Three-Phase Gas/Oil/Brine Relative Permeabilities Measured Under CO2 Flooding Conditions
- D.E. Dria (U. of Texas) | G.A. Pope (U. of Texas) | Kamy Sepehrnoori (U. of Texas)
- Document ID
- Society of Petroleum Engineers
- SPE Reservoir Engineering
- Publication Date
- May 1993
- Document Type
- Journal Paper
- 143 - 150
- 1993. Society of Petroleum Engineers
- 2.7.1 Completion Fluids, 5.1 Reservoir Characterisation, 5.5 Reservoir Simulation, 4.6 Natural Gas, 5.2.1 Phase Behavior and PVT Measurements, 5.6.5 Tracers, 4.1.5 Processing Equipment, 5.3.4 Reduction of Residual Oil Saturation, 1.2.3 Rock properties, 5.3.2 Multiphase Flow, 5.3.1 Flow in Porous Media, 4.3.4 Scale, 1.6.9 Coring, Fishing, 5.4 Enhanced Recovery, 4.1.2 Separation and Treating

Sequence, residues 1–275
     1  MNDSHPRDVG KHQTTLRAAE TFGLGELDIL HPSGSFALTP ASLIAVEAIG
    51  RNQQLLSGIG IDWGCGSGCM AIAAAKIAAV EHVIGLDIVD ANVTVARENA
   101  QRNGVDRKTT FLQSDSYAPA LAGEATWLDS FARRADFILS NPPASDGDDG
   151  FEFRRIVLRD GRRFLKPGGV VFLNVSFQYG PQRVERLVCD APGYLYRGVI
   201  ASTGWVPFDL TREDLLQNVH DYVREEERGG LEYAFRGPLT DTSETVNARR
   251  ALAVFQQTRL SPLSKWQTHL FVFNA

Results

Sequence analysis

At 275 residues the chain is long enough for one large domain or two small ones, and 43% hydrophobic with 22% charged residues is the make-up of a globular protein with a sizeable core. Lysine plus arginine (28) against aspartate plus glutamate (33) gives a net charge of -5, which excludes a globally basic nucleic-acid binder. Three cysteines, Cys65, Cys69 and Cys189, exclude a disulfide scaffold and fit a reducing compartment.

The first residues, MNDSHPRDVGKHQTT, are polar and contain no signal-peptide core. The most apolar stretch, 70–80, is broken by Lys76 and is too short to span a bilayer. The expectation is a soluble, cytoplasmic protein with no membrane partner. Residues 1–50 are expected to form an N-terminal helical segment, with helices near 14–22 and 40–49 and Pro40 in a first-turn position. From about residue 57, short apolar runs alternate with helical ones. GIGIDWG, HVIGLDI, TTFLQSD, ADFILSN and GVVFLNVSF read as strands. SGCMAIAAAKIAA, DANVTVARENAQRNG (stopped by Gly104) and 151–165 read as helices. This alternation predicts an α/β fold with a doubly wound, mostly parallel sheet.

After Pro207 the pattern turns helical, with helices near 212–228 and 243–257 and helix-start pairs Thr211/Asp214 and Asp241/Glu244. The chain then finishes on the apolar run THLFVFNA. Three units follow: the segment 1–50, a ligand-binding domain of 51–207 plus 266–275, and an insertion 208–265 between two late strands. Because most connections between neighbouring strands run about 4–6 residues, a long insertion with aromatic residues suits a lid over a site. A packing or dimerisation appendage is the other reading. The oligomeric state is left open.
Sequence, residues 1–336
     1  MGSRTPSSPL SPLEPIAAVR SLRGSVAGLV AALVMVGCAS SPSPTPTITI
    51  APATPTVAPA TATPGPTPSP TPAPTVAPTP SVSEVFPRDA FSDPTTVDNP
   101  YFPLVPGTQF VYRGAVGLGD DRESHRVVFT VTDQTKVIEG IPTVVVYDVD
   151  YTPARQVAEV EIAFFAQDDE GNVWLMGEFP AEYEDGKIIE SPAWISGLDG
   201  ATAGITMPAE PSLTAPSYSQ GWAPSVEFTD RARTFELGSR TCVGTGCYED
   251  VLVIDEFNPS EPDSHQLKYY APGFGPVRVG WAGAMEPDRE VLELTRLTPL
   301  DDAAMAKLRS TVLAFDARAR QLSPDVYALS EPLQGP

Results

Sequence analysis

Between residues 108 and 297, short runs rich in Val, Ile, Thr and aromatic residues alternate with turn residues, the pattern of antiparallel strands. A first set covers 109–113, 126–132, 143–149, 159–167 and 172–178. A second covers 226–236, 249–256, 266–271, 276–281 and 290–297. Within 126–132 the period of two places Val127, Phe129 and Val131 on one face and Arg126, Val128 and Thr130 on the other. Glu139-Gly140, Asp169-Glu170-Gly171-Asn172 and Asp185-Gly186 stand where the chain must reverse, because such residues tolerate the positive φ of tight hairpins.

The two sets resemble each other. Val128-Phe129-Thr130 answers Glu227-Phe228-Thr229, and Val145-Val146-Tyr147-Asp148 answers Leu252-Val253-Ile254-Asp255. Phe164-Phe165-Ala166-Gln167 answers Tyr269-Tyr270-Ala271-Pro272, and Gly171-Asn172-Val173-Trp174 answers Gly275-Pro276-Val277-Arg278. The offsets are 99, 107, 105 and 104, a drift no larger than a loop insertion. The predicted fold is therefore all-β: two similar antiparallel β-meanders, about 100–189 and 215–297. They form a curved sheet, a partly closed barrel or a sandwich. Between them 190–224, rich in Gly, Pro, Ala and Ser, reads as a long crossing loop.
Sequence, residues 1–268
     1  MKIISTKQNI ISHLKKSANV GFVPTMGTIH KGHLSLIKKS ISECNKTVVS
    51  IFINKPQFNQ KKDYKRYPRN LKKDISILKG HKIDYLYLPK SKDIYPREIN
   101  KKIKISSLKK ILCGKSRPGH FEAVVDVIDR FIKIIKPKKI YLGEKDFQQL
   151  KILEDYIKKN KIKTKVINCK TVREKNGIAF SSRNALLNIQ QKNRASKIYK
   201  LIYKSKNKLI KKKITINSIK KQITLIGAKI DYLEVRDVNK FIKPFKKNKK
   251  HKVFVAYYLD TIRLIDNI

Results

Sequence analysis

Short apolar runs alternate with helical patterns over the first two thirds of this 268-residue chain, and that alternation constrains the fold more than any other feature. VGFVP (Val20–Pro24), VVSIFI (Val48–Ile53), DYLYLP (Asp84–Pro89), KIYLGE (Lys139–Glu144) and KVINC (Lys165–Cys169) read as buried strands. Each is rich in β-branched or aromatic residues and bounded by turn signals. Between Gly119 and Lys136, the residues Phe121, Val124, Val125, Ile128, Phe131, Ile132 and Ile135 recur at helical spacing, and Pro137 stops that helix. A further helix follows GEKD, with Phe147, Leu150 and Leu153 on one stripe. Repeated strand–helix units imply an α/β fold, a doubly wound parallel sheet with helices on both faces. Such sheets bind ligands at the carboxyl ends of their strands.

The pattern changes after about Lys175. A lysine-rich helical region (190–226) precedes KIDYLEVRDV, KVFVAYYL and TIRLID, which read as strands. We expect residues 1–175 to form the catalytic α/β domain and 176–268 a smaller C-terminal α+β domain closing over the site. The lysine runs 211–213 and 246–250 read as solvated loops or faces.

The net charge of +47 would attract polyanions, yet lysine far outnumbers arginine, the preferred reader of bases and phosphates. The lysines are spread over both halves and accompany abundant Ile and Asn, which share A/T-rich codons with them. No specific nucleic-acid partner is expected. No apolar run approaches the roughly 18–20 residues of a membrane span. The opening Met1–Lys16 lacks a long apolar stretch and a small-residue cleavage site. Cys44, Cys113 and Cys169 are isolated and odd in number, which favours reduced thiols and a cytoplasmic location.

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Steady-state three-phase gas/oil/brine relative permeabilities were measuredin a carbonate core under CO2 flooding permeabilities were measured in acarbonate core under CO2 flooding conditions. Results show that the relativepermeability of each phase depends only on the saturation of that phase insteadof on phase depends only on the saturation of that phase instead of on twosaturations, as many previous studies have concluded. All previously reportedgas/oil/brine relative permeability studies previously reported gas/oil/brinerelative permeability studies have been conducted with low-pressure N2 gas orair. In this work, CO2 gas, oil, and brine were injected into a carbonate coreat 71 degrees C and 9.65 MPa so that the phase behavior and flow would besimilar to reservoir conditions. Results show that significant differencesexist between the three-phase gas/oil/brine relative permeabilities measuredwhen the gas is CO2 and those measured permeabilities measured when the gas isCO2 and those measured when the gas was N2.